Toodleoo!
    Ron Hebbard.
     
    Evans Poulos and JD like this.
  9. mikefellh

    mikefellh Active Member

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    I'm a heavy battery user (digital cameras and flashes, taking hundreds and sometimes thousands of pictures during a shoot), and I would never charge my batteries to only 80%!

    I've always charged my Li-Ion and NiMH batteries 100%, and they've lasted for years without noticeable drop in capacity...I would NEVER risk using something with batteries that weren't fully charged, especially for a live show!

    Obviously for my camera Li-Ions I use the OEM (not cheap third party), but for my flashes I use Eneloop NiMH batteries. Unlike normal NiMH batteries Eneloops retain 85% of their charge for more than a year...when you buy Eneloops they come pre-charged, unlike normal NiMHs which when you buy them are for the most part dead.

    What's worse...having a few less cycles that cost you a few bucks more often, or have a battery that was only charged 80% die on you in the middle of a show?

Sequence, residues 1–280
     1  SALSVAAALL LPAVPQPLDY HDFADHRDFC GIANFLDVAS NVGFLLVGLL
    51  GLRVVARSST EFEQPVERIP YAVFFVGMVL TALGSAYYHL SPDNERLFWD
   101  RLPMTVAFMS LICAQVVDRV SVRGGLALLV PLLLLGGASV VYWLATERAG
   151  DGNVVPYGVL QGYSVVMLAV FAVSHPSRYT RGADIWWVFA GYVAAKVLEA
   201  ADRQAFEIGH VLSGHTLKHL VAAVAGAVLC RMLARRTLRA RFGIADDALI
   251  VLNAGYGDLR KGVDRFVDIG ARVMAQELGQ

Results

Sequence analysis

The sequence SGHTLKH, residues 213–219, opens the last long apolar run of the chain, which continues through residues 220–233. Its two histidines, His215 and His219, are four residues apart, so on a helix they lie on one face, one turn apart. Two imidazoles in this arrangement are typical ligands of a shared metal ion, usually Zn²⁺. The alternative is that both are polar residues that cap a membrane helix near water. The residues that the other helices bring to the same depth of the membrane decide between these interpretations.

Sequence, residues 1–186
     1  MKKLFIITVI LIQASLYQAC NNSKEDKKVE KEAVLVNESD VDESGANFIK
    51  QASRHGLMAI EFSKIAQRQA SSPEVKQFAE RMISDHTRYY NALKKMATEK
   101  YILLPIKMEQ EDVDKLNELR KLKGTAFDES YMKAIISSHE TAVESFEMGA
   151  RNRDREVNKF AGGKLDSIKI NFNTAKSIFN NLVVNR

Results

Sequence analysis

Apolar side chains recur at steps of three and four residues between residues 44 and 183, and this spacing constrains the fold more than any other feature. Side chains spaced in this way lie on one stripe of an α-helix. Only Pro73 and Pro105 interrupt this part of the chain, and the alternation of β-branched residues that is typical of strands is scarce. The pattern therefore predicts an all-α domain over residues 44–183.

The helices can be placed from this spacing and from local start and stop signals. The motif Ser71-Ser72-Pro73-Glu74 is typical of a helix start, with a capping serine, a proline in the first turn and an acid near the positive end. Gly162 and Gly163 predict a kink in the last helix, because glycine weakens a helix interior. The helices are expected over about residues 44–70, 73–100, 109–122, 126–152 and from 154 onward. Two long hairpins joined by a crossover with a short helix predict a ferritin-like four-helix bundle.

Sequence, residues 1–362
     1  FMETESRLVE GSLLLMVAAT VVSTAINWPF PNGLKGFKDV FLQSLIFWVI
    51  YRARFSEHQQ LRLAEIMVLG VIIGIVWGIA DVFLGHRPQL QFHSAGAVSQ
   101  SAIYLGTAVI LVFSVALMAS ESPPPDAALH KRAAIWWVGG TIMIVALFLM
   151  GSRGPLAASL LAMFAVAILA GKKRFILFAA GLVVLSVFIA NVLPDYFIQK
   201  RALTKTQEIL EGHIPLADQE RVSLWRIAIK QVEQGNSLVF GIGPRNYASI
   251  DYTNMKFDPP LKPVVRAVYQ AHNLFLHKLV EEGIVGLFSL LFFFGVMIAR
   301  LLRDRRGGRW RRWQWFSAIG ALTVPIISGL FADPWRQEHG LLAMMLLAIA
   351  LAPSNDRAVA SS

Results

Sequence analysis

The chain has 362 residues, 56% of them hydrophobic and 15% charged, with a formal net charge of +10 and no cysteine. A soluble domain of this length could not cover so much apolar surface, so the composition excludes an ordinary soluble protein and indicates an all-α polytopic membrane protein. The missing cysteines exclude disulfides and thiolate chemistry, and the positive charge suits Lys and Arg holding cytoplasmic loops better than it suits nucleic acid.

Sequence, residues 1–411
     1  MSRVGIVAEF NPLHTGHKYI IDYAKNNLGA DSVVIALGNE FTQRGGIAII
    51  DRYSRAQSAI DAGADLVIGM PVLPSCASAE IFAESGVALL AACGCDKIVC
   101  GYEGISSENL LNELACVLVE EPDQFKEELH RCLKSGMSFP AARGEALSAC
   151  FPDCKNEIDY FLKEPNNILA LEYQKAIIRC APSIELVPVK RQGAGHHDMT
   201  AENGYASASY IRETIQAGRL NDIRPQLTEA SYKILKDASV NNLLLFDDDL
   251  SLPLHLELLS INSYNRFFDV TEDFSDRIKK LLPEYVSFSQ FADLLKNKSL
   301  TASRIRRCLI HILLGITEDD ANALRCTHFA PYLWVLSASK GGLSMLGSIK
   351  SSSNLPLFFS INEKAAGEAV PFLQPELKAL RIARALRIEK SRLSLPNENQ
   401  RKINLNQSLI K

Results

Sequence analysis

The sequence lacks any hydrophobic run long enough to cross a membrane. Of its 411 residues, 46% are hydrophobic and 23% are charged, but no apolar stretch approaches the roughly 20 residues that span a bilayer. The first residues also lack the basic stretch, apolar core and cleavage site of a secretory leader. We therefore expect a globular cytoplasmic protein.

Link to Eneloop Pros (there are regular and lite versions too, but I only use the high-capacity pro line):
    https://www.panasonic.com/ca/consumer/accessories/consumer-batteries/eneloop/bk3hcca4ba.html
     
    Last edited: Jan 14, 2018
  10. TJCornish

    TJCornish Well-Known Member

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    I use Eneloops too, but the white ones are better for AV than the "pro" black ones. The white ones are rated for 4 times the cycles, and they are slightly smaller than the black ones. Black Eneloops get stuck in UHF-R handhelds and need to be pounded out. The extra runtime of the black Eneloops is unlikely to be useful in a wireless mic/IEM application, as even the white Eneloops last 8+ hours.
     
    Evans Poulos and RonHebbard like this.